If I earn $50,000 and pay $15,000 in taxes (25%)), am I rich? No. The super rich don’t pay their fair share and that is money the THE AMERICAN COMMUNITY does not get for roads, clean air, clean water, high-speed internet, better jobs-training, etc. So, whose wealth is being distributed to whom? And the picture I am painting here is an illustration based on reality; not some made-up rhetoric. Why does a billionaire paying 25% in taxes cause them so much pain? Each time an American spends hours sitting in traffic or ruins his shocks because of pot-holes, that too is an added tax, right?
Why should an American parent, any citizen, have to ask: do I put food on the table, pay the rent, go to the doctor, buy shoes for my child? Real value keeps growing at the top but drops for everyone else. How is it acceptable that so many Americans can work full-time jobs — even two jobs — and still find themselves unable to make ends-meet? And regardless of how or what they do, there is no way for creating new value?
$400 is the amount of the emergency that would wipe out a family’s entire accrued “wealth.” That is lunch at Nobo in New York City. 40% of American families have to make a choice each month — do we not pay the rent? Buy less food? Forgo medical care? If you account for inflation, the typical American worker now has the same purchasing power as he or she did 40 years ago, according to the Pew Research Center.
As a result of the 2017 Tax Cuts, companies spent 101 times as more on stock buybacks than they did on bonuses and wages, enriching shareholders at the expense of workers. More than half of Americans say they’ve seen no change to their paychecks, according to a CNBC poll. The typical member of Congress makes 12 times more annually than the average American. The average American can’t give as much to that Congress person’s re-election campaign. And so, whose interests do you think are looked after when laws are made?
A CityToken is an Answer
CityToken is a very simple concept, really: Add value to the community and get value for use in the community. A resident performs pre-set value activities (more on these at ctyvalue.com) in the community and instead of being paid fiat currency ($’s), which many communities simply don’t have, the resident is reimbursed in CityTokens (CTY).
The amount of CTY received for completion of the value-activity is pre-set in an activity catalog and corresponds to a predetermined valuation of the said service. Interactions are then recorded on the blockchain thereby preventing fraud and disputes. Value earners store their CTY in crypto-wallets to be exchanged for agreed-upon goods and services in the local value economy — the community where the CityToken program has been implemented.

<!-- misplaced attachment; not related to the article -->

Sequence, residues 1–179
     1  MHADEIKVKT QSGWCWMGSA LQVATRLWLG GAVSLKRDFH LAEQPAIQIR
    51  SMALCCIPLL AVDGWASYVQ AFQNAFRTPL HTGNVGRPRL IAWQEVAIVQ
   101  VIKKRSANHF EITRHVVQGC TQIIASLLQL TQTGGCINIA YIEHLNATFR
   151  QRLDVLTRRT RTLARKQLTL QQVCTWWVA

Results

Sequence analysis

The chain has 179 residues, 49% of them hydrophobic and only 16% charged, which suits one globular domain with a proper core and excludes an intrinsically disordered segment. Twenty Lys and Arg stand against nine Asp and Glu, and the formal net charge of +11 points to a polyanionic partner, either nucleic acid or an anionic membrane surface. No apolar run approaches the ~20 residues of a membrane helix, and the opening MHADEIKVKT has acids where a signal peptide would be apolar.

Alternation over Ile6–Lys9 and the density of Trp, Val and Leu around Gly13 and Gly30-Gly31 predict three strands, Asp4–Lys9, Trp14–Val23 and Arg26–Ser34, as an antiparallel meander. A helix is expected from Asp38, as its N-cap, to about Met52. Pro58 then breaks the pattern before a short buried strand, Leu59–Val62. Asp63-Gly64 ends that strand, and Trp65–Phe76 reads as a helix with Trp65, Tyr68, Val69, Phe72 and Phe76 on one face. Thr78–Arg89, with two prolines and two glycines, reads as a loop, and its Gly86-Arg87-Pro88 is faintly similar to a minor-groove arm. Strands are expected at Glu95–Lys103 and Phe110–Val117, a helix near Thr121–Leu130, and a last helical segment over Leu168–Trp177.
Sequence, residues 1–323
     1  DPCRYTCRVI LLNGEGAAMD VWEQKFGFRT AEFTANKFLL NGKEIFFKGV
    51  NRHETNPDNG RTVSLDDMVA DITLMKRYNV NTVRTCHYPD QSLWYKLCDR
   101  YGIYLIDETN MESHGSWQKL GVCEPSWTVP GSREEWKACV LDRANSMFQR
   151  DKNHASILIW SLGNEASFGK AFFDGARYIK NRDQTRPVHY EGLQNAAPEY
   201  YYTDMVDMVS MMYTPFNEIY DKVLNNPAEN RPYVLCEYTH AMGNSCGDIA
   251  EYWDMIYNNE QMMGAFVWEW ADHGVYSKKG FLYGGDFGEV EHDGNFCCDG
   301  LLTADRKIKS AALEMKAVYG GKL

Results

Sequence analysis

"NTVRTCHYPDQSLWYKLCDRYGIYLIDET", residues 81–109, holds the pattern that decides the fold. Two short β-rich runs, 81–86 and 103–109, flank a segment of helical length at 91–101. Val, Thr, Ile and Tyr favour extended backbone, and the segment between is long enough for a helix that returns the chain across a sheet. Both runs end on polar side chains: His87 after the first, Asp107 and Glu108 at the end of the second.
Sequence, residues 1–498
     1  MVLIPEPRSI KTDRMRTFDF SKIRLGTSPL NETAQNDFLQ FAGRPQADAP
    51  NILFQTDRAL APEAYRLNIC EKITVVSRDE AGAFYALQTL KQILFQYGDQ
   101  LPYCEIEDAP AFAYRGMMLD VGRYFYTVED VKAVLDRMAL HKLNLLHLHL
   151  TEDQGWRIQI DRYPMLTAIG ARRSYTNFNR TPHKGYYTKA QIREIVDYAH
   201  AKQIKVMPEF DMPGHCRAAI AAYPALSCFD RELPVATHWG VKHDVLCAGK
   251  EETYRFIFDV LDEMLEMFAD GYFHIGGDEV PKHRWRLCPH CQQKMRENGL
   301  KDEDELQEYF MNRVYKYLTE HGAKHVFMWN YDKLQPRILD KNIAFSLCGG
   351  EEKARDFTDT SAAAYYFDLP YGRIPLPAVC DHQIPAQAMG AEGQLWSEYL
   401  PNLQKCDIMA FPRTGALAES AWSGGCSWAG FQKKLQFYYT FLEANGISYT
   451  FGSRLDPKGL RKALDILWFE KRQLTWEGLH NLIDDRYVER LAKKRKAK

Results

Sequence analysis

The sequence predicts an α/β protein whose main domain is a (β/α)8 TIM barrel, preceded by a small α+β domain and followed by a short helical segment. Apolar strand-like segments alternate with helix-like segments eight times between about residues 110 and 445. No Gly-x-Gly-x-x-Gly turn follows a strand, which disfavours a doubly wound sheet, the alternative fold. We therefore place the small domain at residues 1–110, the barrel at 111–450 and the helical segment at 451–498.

When city residents become engaged in the CityToken program, they are entering into a win-win situation with the community. Participation leads to increased economic benefit which leads to a sense of ownership in the community; a sense of responsibility for the community. Feeling more involved and feeling OF the community also spills over to increased voter participation.
When citizens are feeling more economically viable, more responsible for the community in which they live and raise families, change happens. The systemic racism seen in the way some communities are policed can be linked to the inherent crisis of value. Increased participation, however, results in change. Take Philadelphia, for example, where 74% of residents elected a new District Attorney critical of mass incarceration, racial bias, and corruption within the criminal justice system and recently ended cash bail requirements for low-level offenders.
While CityToken by itself won’t solve the problems confronting US communities, it is a step in the right direction — and a quite big at that. When combined with existing jobs, a resident’s participation in CityToken no only then enhances an individual’s relationship with his community; but, bridges the gap to a sustainable income. Nurturing a sense of ownership for the community, residents can fulfill their own needs by adding value to the community and at the same time protect/improve the community.
In addition, when CityTokens are used to buy goods and services, the saved fiat currency can be reallocated to take care of other family needs. The “new value,” for example, in the family might be used for shoes, a doctor, repairs on the car, etc.
CityToken Cities will be able to actively reshape the foundation upon which communities are constructed. In banking, there is a term — “wealth management;” in CityToken Cities we have what is called “necessity management.” By fulfilling “my” needs, I am creating value for the community which in turn gives me value.
The time has come for creative governance and the blockchain can help us make things a bit fairer, more transparent and even happier.